Monday, February 28, 2011

Life in Freetown, Sierra Leone

We have arrived onto the ship (next blog will be about the Africa Mercy!), and have completed our two and a half week stay in Freetown, Sierra Leone.

Here are some thoughts:
Crazy traffic.
  Imagine a city intended for 200,000 people, with more than 2 million people living in it (Because of the civil war that Sierra Leone endured in the 90s and 00s, many people fled to the city for safety, and left areas upcountry, closer to the diamond fields.  Most have stayed).  Two lane roads jammed full with motorcycles, cars, buses, 18 passenger vans (Poda Podas), man-powered carts loaded high with 50 pound bags of onions, or stacks of firewood, and walking vendors. A five mile journey on paved roads through the city may take two hours while you are at a stand still- everyone honks.  Cars swerve wherever needed avoiding collisions by inches.  Roads may be one-way in one direction in the morning, and become the other direction in the afternoon- without signs that indicate this.  How do you know?  "You just know," says the police after they pull you over for going the wrong way.  This is hard to know for visitors!

Conveyor belt shopping. 
While you are at a stand still in traffic, the beauty of it is that the shopping comes to you.  Feel like a snack?  How about a bag of dried plantains or banana chips?  (about 12 cents).  Popcorn?  Same price.  A fresh coconut (they'll open it with a machete for you, you drink the milk, then they'll whack it in half and scoop out the flesh for you).  They come in old, new and half and half.  (Old is what you think of when you see a coconut- brown on the outside, lots of dried husk, flesh is firm.  New is greener- the flesh is still kind of slimy.  Half and half is somewhere in between this).  Peanuts are also available roadside - you determine the price, and that will determine the amount.  25 cents worth is about 1/2 cup of shelled peanuts.  They carry them on a large flat bowl on their heads, scoop them up for you and make a paper cone for take-away - we've had newspaper paper cones, and also a page from someone's school notebook.  They are very creative and resourceful.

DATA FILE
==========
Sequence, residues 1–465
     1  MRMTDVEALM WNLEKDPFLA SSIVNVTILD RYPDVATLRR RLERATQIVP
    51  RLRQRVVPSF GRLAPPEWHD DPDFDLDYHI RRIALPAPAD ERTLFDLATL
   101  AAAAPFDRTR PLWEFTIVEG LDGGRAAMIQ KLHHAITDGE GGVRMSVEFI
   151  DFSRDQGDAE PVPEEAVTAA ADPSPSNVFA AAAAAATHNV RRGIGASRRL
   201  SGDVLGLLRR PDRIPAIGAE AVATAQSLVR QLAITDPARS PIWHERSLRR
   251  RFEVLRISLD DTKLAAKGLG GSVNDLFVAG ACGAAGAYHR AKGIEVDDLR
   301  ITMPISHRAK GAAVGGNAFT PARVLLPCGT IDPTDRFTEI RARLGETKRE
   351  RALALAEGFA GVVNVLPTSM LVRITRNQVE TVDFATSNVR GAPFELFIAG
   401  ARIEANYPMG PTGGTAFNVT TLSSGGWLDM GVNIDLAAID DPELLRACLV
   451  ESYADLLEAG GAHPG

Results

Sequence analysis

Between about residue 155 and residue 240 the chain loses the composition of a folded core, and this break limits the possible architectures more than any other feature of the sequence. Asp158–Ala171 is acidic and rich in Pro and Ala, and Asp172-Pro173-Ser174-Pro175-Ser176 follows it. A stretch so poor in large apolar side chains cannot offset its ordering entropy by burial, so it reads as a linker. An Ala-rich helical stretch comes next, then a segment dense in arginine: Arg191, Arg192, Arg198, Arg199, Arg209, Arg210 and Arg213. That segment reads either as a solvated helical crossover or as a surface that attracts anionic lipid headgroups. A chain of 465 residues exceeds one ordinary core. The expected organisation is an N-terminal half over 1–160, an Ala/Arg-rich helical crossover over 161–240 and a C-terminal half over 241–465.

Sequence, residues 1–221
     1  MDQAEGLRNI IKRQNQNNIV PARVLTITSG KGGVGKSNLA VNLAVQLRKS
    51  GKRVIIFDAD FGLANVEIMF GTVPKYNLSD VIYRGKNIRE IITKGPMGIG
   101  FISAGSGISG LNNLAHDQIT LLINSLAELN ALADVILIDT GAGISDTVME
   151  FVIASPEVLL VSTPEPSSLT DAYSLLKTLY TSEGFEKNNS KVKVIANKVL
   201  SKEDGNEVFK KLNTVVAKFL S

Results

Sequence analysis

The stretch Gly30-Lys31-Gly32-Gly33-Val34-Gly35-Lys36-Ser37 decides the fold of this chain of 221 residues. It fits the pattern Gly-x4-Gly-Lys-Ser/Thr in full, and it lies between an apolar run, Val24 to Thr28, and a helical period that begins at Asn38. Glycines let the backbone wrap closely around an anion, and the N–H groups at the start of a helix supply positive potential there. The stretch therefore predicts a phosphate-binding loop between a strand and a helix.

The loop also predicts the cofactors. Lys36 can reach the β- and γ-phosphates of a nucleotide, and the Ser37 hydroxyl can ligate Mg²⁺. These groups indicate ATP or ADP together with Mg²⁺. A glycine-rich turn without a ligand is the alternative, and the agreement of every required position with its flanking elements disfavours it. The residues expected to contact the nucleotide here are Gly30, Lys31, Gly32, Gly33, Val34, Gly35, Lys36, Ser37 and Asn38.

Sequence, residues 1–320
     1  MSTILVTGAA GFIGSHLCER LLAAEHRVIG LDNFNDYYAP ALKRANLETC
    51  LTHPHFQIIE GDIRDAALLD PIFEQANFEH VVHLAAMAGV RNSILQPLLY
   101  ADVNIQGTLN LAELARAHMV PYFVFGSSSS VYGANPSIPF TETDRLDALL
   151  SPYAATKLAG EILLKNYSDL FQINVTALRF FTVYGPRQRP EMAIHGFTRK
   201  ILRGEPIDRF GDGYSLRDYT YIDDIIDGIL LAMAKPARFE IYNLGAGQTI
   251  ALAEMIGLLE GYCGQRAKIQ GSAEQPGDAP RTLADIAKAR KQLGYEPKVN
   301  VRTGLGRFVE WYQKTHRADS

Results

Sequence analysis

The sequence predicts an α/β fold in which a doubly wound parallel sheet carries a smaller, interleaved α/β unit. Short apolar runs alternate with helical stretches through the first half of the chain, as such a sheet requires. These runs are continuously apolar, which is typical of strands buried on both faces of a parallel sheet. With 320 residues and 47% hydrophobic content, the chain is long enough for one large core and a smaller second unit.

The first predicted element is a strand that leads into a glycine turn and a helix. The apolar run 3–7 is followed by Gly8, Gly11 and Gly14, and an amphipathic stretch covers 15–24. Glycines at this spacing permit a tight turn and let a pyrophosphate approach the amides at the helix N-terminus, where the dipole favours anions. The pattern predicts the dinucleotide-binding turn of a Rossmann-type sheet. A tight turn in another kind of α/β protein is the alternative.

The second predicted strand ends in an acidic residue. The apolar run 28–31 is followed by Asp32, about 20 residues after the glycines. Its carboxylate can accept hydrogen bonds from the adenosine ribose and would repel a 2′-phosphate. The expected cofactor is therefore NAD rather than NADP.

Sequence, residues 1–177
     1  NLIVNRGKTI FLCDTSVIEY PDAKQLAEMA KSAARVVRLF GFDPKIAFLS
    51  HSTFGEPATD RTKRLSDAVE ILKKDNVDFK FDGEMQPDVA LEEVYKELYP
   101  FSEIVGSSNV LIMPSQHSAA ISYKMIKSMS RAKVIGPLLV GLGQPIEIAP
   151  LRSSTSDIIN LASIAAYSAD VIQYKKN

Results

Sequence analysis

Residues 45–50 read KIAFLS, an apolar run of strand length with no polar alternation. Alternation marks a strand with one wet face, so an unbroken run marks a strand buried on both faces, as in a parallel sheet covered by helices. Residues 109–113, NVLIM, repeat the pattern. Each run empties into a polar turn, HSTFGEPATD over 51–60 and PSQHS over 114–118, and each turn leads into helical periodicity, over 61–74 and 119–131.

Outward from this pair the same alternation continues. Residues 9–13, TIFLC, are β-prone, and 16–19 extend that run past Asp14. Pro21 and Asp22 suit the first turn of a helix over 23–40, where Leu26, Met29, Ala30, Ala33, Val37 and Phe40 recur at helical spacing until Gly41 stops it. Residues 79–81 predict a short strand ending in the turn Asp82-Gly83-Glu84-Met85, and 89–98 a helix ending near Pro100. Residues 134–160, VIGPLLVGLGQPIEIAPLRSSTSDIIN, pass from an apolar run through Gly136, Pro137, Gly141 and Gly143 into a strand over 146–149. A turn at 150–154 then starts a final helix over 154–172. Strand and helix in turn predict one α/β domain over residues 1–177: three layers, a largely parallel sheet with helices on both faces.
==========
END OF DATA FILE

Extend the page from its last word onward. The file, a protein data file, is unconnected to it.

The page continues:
And the shopping isn't just limited to food.  Coal, air fresheners, cd mixes for your long journey, underwear, socks, jeans, skirts, plastic containers, cheese graters (coconut graters, really), plastic hangers, and basically a walking Walmart passes your car.  If it's not being carried on someone's head, it's for sale curbside- you make a loud kissy sound, and get the vendor's attention- they will bring it to you - even if traffic starts to move and you have inched forward 50 feet, they'll bring it to you.  We could easily get used to this kind of shopping.  There are two types of clothing: ready-made (new, in the package) and junks (used).  Junks are all those donations that get sent to Africa.  We have seen clothes with Goodwill price tags still on them, t-shirts from our hometowns, and everything you can imagine at home.  One intersection we dubbed "Wal-mart" because of the vast selection of clothing.

The people of Sierra Leone are happy, peaceful, loving, and eager to see Mercy Ships back in the country.  The Anastasis was here in 1993, 2002, 2003, and 2004, so they are familiar with the ship and the help that it can provide.  We have been greeted with many friendly faces who are anxious to see the ship at the port.  There have been many, MANY NGOs here (Non-Governmental Organizations) during the past 10-15 years in the aftermath of the war.  While they might tell us "white man" price instead of African price, we have not felt threatened or in danger in any way while we have been here.  For some further info on Sierra Leone, check out the movie Blood Diamond, or the book A Long Way Gone by Ishmael Bean. 


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